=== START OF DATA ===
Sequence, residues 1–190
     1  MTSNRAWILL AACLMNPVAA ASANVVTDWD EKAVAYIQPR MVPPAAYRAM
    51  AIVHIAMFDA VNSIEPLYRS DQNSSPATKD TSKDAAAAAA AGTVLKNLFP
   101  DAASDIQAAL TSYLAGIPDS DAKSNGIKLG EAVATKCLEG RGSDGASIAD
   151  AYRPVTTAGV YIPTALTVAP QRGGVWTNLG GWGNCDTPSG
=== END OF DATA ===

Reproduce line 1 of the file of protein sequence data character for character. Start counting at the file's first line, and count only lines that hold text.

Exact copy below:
Sequence, residues 1–190